I agree with Vaughn. The mat is integral to the work. I fully understand that museums like the print to be able to be separated from the mount board, but when I wrote the article on ArtCare board, which iconsisted mostly of an interview with the inventor, I discovered that dry mounting adds a layer of protection to the work from environmental pre-acidic gases, making a dry mounted print more archival than one that is only hinged. The pictures in my article show that. You will see that those who think not dry mounting is more archival are simply wrong.


I think that will get you there. If not, just click on the link on the left to "Article by Michael A. Smith."

I have always signed my prints on the mount board. If one signs on the back there is always the danger, especially is one has a forceful hand, of having the signature show through to the print. And leaving a white border around the print, and signing there, is problematic for a number of reasons. 1) Later some conservator might cut off that border. But more importantly 2) If the white border is ever seen, particularly with a print made on glossy paper, it will be the whitest thing visible and will draw the eye and thereby be a major distraction--and it will greatly diminish the experience of the work. One can get around that by having an overmat go right to the edge of the print but if one uses the entire space of the picture surface (as I believe any serious photographer ought to do) then if the overmat covers the picture by even a millimeter, or less, spatial relationships of things at the edges are destroyed and the picture is no longer the same picture. Having an overmat cover part of the picture surface is like taking some notes out of a piece of music or cutting some words out of a poem. The problem with pre-cut overmats--ones made to a standard size, is that they are made so that they usually cover overlap the edges of the print. I use overmats that leave borders around the print of about 3/8 on top and sides and 1/2 inch on the bottom, which leaves a little extra room for the signature. And mounting prints that way--with a larger overmat than the print, makes is very easy. No measuring is required. One positions the print visually.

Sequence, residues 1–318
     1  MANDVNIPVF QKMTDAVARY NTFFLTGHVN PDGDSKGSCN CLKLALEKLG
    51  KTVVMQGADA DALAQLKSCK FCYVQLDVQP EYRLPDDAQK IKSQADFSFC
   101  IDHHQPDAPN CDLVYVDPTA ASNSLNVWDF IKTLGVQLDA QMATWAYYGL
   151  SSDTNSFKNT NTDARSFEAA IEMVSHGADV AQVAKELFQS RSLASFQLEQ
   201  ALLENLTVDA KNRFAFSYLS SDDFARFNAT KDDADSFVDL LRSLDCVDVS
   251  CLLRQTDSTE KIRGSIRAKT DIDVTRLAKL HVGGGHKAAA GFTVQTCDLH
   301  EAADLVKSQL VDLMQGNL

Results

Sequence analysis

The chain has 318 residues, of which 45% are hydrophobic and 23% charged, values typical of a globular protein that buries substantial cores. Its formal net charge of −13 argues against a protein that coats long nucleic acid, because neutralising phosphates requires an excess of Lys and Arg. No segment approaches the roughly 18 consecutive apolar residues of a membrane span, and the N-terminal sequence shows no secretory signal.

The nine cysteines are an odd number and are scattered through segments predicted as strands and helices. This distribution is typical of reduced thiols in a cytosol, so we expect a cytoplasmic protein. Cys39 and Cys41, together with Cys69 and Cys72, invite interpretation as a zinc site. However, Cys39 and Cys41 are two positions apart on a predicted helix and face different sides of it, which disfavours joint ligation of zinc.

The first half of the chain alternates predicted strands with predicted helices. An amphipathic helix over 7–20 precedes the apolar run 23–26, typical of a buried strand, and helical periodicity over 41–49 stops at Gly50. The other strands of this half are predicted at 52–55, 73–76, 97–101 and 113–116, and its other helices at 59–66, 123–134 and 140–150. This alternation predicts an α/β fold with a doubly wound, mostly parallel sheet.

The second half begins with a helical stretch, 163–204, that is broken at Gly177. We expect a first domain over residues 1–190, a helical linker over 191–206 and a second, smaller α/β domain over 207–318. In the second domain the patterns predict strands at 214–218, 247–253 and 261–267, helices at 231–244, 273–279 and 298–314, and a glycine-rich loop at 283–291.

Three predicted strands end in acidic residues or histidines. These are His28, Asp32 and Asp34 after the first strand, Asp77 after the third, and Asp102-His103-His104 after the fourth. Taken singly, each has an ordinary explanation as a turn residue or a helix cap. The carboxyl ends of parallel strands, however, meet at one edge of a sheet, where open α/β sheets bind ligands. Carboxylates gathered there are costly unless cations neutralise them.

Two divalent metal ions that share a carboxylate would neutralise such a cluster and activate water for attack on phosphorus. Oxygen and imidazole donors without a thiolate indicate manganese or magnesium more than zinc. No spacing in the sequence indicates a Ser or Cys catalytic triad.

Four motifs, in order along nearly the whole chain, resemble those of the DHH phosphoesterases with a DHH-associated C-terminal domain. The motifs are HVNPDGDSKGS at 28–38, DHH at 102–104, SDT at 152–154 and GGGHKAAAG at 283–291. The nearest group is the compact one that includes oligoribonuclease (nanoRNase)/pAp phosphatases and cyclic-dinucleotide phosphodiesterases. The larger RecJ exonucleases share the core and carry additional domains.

A photographer was here recently and suggested we make a video about how we mount prints. We'll do so after we return from Paris Photo and Art Basel Miami Beach. We are giving a talk at the Art School at the Boca Raton Museum on December 10. You are all invited. It's free. Our "Vision" workshop follows the next day. Spaces still available, I think.

Weston, Adams, etc. all signed their prints on the mount. As I have said on many occasions If a way of doing things was good enough for Edward Weston, it is good enough for me."

Michael A. Smith